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Hi I'm developing an client application in C# and the server is written in c++

the server uses:

inline void StrToInts(int *pInts, int Num, const char *pStr)
{
  int Index = 0;
  while(Num)
  {
    char aBuf[4] = {0,0,0,0};
    for(int c = 0; c < 4 && pStr[Index]; c++, Index++)
      aBuf[c] = pStr[Index];
    *pInts = ((aBuf[0]+128)<<24)|((aBuf[1]+128)<<16)|((aBuf[2]+128)<<8)|(aBuf[3]+128);
    pInts++;
    Num--;
  }

  // null terminate
  pInts[-1] &= 0xffffff00;
}

to convert an string to int[]

in my c# client i recieve:

int[4] { -14240, -12938, -16988, -8832 }

How do I convert the array back to an string? I don't want to use unsafe code (e.g. pointers) Any of my tries resulted in unreadable strings.

EDIT: Here is one of my approch:

private string IntsToString(int[] ints)
{
  StringBuilder s = new StringBuilder();
  for (int i = 0; i < ints.Length; i++)
  {
    byte[] bytes = BitConverter.GetBytes(ints[i]);
    for (int j = 0; j < bytes.Length; j++)
      s.Append((char)(bytes[j] & 0x7F));
  }
  return s.ToString();
}

I know I need to take care of endianess but as the server is running on my local machine and the server too, I assume that this is not a problem.
My other try was to use an struct with explicit layout and same FieldOffset for integer and chars but it doesn't work, either.

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2  
How the result string should look like? –  taras.roshko Dec 1 '12 at 22:41
1  
What have you tried so far? Please share your code, I'm expecting something what already does all bit shifts –  sll Dec 1 '12 at 22:42
    
Do you want to return an array of string or a single string (csv) –  sa_ddam213 Dec 1 '12 at 22:49
    
I edited my question and added a code snippet of my idea. I want to get an string back. And I'm not sure what the right result for my given example should be :-( –  Robin Webdev Dec 1 '12 at 23:07
    
Pointers are not unsafe. No more so than any other data type. –  John Dibling Dec 3 '12 at 11:51

3 Answers 3

up vote 1 down vote accepted

Maybe try something like (using LINQ):

int[] fromServer = { -14240, -12938, -16988, -8832, };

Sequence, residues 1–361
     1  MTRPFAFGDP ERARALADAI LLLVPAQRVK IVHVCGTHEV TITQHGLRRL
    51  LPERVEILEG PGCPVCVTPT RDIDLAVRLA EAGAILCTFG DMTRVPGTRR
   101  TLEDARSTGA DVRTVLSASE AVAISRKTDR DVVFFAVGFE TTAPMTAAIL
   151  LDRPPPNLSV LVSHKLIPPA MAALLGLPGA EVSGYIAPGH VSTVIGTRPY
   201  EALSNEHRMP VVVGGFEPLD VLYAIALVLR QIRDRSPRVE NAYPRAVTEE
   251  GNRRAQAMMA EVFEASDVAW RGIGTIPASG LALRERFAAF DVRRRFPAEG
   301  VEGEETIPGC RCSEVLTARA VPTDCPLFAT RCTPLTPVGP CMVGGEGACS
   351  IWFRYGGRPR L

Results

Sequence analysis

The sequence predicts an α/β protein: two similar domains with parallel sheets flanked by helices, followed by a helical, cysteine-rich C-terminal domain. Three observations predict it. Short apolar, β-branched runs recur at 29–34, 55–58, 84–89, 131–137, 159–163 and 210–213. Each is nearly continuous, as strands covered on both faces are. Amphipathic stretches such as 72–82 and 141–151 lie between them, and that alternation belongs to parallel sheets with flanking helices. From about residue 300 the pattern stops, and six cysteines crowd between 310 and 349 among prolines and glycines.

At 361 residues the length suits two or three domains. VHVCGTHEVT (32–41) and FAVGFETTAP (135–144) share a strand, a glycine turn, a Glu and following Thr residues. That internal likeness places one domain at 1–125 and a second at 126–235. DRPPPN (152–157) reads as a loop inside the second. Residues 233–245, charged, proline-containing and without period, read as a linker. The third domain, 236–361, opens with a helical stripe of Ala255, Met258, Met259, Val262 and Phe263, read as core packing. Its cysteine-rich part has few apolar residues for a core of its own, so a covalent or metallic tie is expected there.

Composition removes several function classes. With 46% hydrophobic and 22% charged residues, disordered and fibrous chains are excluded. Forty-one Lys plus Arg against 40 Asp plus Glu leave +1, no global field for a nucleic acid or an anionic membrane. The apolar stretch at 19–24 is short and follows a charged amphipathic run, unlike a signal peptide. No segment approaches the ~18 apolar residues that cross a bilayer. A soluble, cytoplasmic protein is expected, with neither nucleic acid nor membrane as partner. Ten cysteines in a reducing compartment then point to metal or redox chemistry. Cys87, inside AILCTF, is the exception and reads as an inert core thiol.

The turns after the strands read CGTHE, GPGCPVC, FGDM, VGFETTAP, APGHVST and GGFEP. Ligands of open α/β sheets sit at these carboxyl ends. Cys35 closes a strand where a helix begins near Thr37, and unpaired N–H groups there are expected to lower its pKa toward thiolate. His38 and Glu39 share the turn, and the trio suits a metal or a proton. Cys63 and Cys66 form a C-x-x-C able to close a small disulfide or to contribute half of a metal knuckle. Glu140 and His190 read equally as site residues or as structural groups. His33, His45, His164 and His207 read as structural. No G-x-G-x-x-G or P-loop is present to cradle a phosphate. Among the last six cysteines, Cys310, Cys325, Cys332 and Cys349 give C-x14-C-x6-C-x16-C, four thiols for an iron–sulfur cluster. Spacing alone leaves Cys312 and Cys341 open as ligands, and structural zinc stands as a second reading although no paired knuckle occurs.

string reconstructedStr = new string(fromServer.SelectMany(BitConverter.GetBytes).Select(b => (char)(b - 128)).ToArray());

Untested, but there's something to start from. Don't know if the subtraction of 128 is correct.

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It returns "¢H￶M$=\0]". Strange :) I think there needs to be a kind of stop if we got a NUL (because its the end of a string) –  Robin Webdev Dec 1 '12 at 23:20
    
@RobinWebdev Did you expect another string? Which one? You're right my approach doesn't stop after a '\0' character. Maybe the order of the char is not correct in my version either, but the characters should be the same as you want? If you want to delete the first '\0' and everything after it, maybe try reconstructedStr = reconstructedStr.Remove(reconstructedStr.IndexOf('\0')); (will fail if no '\0' is there). –  Jeppe Stig Nielsen Dec 1 '12 at 23:34
    
I expected something more readable because the string gets drawed to the screen. Hmpf... –  Robin Webdev Dec 2 '12 at 0:08
    
@RobinWebdev Maybe the server code isn't correct? I don't know why the server and client must exchange strings in such a hand-coded way. –  Jeppe Stig Nielsen Dec 2 '12 at 0:12
    
Ther server works with other clients well, so I think the problem has to be client-side... I trust you that your example works, so try to find a mistake elsewhere...could take some time :) –  Robin Webdev Dec 2 '12 at 0:20

You can create a comma separated string this way:

string str = String.Join(", ", intArray.Select(x => x.ToString()).ToArray());
share|improve this answer
    
Thanks, but I need the string as it exists server-side. The task is to reverse the C++ function but in C# without pointers. –  Robin Webdev Dec 1 '12 at 22:52
    
So this is homework? –  Borgleader Dec 1 '12 at 22:56
    
No it's a private project I work on. I left school a few years ago :) –  Robin Webdev Dec 1 '12 at 22:58
    var ints = new[] {-14240, -12938, -16988, -8832};
    var result = string.Join("-", ints.Select(i => BitConverter.ToString(BitConverter.GetBytes(i))));
    Console.WriteLine(result); //60-C8-FF-FF-76-CD-FF-FF-A4-BD-FF-FF-80-DD-FF-FF

BitConverter.ToString can be replaced by something else here, depending on how you will parse string later.

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Not bad, but I think you missing the +128 in the C++ code. In my opinion its sets the last bit in every byte so I need to unset the bit during convertion back? This would make each byte represent an printable ASCII character. Correct me if I'm wrong please... –  Robin Webdev Dec 1 '12 at 23:13

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